Archetypes in Wuthering Heights

In this article you will learn about the archetypes in Wuthering Heights by Emily Bronte, the classic novel containing various archetypes commonly seen in literature throughout the ages.

What are the Archetypes in Wuthering Heights?

In Heathcliff Emily Bronte has embodied both the archetypal villain and the archetypal romantic hero, two seemingly contradictory archetypes, in one character.

Heathcliff is a romantic hero because of his single-minded determination to be with his one true love at any cost, unable to see beyond the woman who he deems fate has determined he should be with an utterly devoted to

her even beyond her death. However, he is also an archetypal villain, one who acts in an utterly evil manner in order to achieve that which he desires, willing to hurt anyone, even his own child, because of the pain he feels and completely unable to empathise in any way with anyone else.

Heathcliff also embodies the archetypal outcast, one shunned by society because of their social status or other factors which makes them intrinsically different and therefore unacceptable.

He is bullied by Hindley and Edgar in particular, and not accepted as a part of the wider society in which he lives even when he himself is a wealthy man.

Heathcliff and Catherine are representative of the archetypal star crossed lovers, destined by fate to be together but kept apart by factors outside of their control – in this instance the conventions of society and the will of their family.

Despite their passionate love they are unable to overcome the odds against them and destroy everyone around them as a result.

Nelly, the co-narrator, is the archetypal nurturing motherly figure who nurses Lockwood back to health and cares for the Earnshaw family throughout the novel with great compassion and sense.

Isabella is the archetypal innocent and damsel in distress, easily manipulated into marrying Heathcliff due to her naive and trusting view of the world before becoming a woman in need of rescue from the appalling treatment at the hands of her husband.

Wuthering Heights Book Summary

  • Lockwood, the new tenant of Thrushcross Grange, visits his landlord Heathcliff at his home, Wuthering Heights.
  • There he meets Cathy Linton, a quiet young woman, servant Joseph and Hareton, an uneducated young man.
  • All are inhospitable, despite Lockwood staying the night as they are snowed in. While reading the diaries of former resident Catherine Earnshaw Lockwood has a nightmarish vision of her ghost.
  • Lockwood is told the story of the residents of Wuthering Heights by his housekeeper.
  • Thirty years earlier the Earnshaws lived at Wuthering Heights with their children Catherine and Hindley. Earnshaw adopts young Heathcliff and treats him as his favourite, neglecting his own children.
  • Heathcliff grows close to Catherine but is beaten by Hindley.
  • Hindley becomes master of the Heights on his father’s death, only allowing Heathcliff to stay as a servant.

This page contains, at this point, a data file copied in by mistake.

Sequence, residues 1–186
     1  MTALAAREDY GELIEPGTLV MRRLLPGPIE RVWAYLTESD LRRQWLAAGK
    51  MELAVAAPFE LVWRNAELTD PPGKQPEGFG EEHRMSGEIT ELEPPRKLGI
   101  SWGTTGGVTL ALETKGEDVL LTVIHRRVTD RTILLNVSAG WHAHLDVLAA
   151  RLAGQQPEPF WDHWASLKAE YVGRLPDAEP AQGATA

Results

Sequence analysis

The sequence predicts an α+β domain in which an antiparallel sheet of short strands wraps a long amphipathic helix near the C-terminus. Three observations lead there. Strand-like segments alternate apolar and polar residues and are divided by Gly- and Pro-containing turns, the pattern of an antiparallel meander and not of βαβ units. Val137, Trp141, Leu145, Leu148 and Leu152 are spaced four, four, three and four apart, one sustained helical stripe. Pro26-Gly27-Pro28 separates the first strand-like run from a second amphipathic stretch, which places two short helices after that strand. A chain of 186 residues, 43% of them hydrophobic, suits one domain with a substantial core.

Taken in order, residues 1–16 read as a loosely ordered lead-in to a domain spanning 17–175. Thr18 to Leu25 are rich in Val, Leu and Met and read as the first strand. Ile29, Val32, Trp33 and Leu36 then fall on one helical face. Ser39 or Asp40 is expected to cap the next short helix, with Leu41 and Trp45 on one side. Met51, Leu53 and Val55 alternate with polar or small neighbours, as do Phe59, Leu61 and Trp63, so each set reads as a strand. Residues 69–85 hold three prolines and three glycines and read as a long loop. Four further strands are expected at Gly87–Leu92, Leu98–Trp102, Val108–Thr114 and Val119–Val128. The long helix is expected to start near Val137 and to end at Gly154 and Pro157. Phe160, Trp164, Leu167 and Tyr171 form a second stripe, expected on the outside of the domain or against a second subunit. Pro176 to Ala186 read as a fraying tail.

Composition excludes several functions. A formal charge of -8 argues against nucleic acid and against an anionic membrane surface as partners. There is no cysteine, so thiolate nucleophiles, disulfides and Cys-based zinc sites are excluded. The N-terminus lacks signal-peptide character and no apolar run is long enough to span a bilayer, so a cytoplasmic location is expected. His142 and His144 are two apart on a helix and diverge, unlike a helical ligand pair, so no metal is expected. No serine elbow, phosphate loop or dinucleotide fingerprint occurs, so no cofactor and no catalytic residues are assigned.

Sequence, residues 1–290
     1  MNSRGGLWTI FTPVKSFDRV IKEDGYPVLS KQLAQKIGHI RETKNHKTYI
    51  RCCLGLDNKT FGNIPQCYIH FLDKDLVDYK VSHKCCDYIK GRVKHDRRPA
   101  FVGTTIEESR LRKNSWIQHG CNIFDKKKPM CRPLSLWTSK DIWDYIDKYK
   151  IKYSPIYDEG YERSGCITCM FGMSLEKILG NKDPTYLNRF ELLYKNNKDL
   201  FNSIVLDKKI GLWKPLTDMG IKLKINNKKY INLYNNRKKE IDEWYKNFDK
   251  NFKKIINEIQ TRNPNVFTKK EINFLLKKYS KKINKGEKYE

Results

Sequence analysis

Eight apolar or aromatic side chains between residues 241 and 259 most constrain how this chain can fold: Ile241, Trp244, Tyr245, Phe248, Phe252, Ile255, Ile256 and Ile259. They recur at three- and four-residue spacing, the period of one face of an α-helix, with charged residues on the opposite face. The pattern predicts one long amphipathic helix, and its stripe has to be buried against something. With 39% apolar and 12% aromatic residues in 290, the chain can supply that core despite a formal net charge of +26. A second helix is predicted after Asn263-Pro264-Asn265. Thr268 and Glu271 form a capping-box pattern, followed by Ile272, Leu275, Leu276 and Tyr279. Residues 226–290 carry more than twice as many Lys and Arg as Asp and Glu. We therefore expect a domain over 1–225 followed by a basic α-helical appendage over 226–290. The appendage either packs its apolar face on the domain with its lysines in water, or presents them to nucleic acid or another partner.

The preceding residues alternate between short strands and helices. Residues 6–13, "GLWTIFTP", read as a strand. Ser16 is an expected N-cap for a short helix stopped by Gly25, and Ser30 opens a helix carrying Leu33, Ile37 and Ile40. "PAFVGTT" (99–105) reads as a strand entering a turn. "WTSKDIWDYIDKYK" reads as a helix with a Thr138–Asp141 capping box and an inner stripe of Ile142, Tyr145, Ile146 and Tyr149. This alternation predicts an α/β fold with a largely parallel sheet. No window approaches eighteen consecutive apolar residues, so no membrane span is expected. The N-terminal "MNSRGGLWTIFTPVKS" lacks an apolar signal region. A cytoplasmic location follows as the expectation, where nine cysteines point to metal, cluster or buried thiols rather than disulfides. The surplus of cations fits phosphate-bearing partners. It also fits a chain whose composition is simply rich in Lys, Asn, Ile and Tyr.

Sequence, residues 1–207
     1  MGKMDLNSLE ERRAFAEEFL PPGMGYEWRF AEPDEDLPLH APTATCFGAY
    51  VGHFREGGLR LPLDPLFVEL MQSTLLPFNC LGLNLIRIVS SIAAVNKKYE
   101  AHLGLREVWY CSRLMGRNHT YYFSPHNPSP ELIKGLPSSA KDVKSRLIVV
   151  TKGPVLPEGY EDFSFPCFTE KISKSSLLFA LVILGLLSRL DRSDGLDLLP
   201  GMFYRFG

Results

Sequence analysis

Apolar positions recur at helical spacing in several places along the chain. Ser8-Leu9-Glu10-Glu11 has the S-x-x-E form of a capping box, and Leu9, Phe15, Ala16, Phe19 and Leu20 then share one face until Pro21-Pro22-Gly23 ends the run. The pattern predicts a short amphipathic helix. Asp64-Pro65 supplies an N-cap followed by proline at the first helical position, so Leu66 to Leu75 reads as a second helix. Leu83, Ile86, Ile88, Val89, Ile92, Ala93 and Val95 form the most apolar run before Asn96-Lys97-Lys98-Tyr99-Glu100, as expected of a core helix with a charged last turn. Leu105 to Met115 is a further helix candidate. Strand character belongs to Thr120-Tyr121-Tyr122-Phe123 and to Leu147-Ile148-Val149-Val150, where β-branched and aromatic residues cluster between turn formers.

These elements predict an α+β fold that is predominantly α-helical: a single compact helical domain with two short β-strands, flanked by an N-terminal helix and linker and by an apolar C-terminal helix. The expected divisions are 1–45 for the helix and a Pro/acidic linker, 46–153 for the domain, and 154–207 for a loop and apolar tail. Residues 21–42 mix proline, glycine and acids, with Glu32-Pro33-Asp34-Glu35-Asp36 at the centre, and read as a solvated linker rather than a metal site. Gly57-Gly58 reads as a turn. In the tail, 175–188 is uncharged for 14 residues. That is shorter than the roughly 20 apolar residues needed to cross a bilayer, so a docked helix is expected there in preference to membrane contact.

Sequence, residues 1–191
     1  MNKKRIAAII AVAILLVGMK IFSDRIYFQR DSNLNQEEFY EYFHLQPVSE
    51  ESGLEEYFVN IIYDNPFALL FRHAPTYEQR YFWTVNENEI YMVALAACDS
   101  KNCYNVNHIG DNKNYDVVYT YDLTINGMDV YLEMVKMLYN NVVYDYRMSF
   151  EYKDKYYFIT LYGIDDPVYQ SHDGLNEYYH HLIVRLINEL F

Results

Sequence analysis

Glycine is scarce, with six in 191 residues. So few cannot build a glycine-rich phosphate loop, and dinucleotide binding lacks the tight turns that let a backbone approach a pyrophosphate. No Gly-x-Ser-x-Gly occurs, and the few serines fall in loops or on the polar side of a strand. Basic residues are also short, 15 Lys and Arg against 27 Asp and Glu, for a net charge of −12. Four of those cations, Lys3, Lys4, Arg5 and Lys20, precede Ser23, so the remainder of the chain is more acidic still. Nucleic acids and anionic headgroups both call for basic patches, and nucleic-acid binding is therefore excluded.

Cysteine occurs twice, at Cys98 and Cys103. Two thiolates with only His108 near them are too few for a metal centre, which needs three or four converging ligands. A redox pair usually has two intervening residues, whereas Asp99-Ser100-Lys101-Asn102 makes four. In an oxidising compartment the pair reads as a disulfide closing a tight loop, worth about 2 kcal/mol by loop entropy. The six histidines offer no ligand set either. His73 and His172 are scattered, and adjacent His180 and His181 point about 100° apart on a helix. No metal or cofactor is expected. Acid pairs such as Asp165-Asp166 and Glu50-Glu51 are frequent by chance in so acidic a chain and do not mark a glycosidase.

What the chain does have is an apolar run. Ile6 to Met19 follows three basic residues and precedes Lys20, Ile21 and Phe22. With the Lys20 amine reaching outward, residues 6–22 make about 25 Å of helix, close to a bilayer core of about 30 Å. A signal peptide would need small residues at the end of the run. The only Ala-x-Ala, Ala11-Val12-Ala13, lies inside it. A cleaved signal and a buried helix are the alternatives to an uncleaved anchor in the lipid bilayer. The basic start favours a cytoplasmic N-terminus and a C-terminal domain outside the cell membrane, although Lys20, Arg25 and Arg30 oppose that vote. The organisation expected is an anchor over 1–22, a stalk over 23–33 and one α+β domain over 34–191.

• Heathcliff and Catherine spy on the Lintons at Thrushcross Grange but when their dog injures Catherine the Lintons take her in, sending Heathcliff away.
  • When the Lintons visit the Heights, Edgar Linton and Hindley fight Heathcliff, with Heathcliff banished to attic and vowing revenge.
  • Hindley’s wife dies giving birth to son Hareton. Catherine gets engaged to Edgar despite loving Heathcliff, confessing she will not marry Heathcliff due to his low social status. Heathcliff overhears and flees.
  • Heathcliff returns three years later a wealthy gentleman, encouraging the infatuation of Edgar’s sister Isabella with him as revenge.
  • Edgar cuts off contact with Heathcliff and a pregnant Catherine, despondent, refuses to eat. Heathcliff elopes with Isabella but their relationship fails.
  • On hearing Catherine is dying he visits in secret before she dies giving birth to Cathy.
  • Isabella flees and gives birth to Heathcliff’s child Linton. Hindley dies, leaving Heathcliff master of Wuthering Heights.
  • Twelve years on, Isabella dies and Heathcliff insists his son Linton come live with him rather than Edgar.
  • Cathy and Linton develop a relationship, with Heathcliff scheming to ensure they marry.
  • When Edgar dies he insists they live with him and, in his madness, reveals he dug up Catherine’s grave when she died and is haunted by her.
  • Linton dies and Cathy is forced to remain at Wuthering Heights.
  • Lockwood moves away but later learns that Heathcliff, increasingly insane, refused to eat and has died.
  • Cathy and Hareton marry and move to Thrushcross Grange. Locals believe the moors are haunted by Catherine and Heathcliff.

Wuthering Heights Archetype Examples

  • Romantic hero
  • Villain
  • Outcast
  • Star crossed lovers
  • Mother
  • Innocent
  • Damsel in distress

Want more literary archetypes?

Go check out our extensive list of archetypes in literature to find out more about the characters seen in literature throughout the ages.

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